Acción Ciudadana rips presidents on nation’s poverty policy

Representatives of the Partido Acción Ciudadana called the presidential administration corrupt and inhuman for the country’s increase in poverty since the Partido Liberacion Nacional was voted back into power.

What was supposed to be an alliance between the presidential party Liberación Nacional and Acción Ciudadana for budget reform has quickly turned into a nasty fight, where one party has claimed the other party has betrayed citizens and increased poverty in the nation.

“Costa Rica is becoming an unjust country,” said Juan Carlos Mendoza, president of the Asamblea Legislativa and representative for the Partido Acción Ciudadana.

Gustavo Arías, representative from the Acción Ciudadana, added “We are not in alliance with the government when it comes to these things.”

The Acción Ciudadana held a press conference Wednesday where party members who are lawmakers blamed Costa Rica’s increase in poverty on the Óscar Arias Sánchez and the Laura Chinchilla Miranda administrations.

Survey results released this week show that poverty was relatively steady at 21.6 percent.

The slight rises reported this year are within the range of the statistical margin of the survey.
“The Arias Sánchez politics have remained in the Chinchilla administration,” said Víctor Hernández, representative for the Acción Ciudadana.

One of the promises made during the last presidential campaign was to fight Costa Rica poverty, but what happened is that both administrations fought against the negative campaign they had received from the media on poverty, in what the Partido Acción Ciudadana referred to as “maquillar cifras.” This is when the government manipulates social programs to alter the poverty numbers.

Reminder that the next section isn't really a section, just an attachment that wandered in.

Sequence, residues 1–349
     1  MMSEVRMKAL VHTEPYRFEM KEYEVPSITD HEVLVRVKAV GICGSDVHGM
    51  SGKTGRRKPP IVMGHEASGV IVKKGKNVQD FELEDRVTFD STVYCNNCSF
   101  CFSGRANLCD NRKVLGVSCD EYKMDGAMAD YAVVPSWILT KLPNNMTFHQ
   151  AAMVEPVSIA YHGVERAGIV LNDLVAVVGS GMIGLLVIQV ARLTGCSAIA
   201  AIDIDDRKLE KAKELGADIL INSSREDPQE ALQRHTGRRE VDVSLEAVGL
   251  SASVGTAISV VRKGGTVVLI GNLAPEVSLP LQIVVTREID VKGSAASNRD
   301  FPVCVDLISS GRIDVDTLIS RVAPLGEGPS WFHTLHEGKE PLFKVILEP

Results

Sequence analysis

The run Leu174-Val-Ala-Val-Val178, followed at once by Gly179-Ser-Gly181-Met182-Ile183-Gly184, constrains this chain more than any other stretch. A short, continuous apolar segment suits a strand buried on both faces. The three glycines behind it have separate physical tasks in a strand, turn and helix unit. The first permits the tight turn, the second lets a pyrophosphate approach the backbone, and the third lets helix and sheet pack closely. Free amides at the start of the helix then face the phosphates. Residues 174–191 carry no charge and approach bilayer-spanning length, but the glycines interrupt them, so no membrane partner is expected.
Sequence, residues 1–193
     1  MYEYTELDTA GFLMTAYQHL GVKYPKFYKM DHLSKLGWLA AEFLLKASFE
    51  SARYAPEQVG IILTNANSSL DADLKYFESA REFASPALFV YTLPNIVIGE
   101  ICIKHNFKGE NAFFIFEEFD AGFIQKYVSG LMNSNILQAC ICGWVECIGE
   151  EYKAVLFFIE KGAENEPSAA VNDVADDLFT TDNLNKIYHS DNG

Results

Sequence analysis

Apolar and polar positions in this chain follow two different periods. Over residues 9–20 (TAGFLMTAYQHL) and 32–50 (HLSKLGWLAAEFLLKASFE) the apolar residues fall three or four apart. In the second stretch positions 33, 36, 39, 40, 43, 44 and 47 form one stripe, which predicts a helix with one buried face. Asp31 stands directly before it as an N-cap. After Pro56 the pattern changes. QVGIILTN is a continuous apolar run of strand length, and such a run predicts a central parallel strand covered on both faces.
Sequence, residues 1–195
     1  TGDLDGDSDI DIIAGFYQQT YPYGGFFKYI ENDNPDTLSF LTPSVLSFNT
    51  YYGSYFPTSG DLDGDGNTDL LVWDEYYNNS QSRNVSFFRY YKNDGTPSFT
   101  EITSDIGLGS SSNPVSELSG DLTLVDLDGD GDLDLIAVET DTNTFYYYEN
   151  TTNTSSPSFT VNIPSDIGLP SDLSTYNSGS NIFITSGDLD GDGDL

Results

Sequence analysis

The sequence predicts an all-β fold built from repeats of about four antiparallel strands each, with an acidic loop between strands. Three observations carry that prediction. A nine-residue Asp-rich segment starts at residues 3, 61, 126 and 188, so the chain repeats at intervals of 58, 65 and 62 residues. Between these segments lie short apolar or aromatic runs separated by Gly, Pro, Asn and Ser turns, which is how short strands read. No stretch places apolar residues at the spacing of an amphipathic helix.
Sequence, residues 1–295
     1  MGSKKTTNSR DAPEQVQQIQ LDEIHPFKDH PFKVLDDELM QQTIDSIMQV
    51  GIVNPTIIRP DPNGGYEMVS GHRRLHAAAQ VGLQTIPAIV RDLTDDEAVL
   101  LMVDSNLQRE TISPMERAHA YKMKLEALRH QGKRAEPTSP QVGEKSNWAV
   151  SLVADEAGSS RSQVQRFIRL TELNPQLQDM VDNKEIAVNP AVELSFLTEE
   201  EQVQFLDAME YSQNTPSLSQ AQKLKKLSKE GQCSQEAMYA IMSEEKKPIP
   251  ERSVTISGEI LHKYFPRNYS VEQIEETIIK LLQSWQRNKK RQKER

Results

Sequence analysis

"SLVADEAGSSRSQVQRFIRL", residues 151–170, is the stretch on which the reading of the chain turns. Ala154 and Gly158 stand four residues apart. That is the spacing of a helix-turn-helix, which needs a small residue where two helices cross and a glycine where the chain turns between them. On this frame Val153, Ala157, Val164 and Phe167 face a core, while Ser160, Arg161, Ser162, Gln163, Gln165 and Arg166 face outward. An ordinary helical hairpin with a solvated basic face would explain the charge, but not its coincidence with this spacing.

This strategy helped the party’s approval ratings Acción Ciudadana said.

Economic aid was given to those who were just below the poverty line, instead of helping those in extreme poverty, they claimed. Party members said that in February 7,000 families were rejected by authorities when they asked for the supposed government program of scholarships and pensions, and these families fell into a category far below the poverty line.

A video the political party made said that since 1994 the numbers of those impoverished increased from 784,000 to 1,031,000. One out of every five Costa Rican families are below the poverty level, which means a per capital income of approximately 92,122 colons ($181.16) per month. Approximately 137 people fall into extreme poverty daily, according to a study reported by the Acción Ciudadana.

“It’s necessary as a society to demand for radical change to help these people,” said Mendoza.

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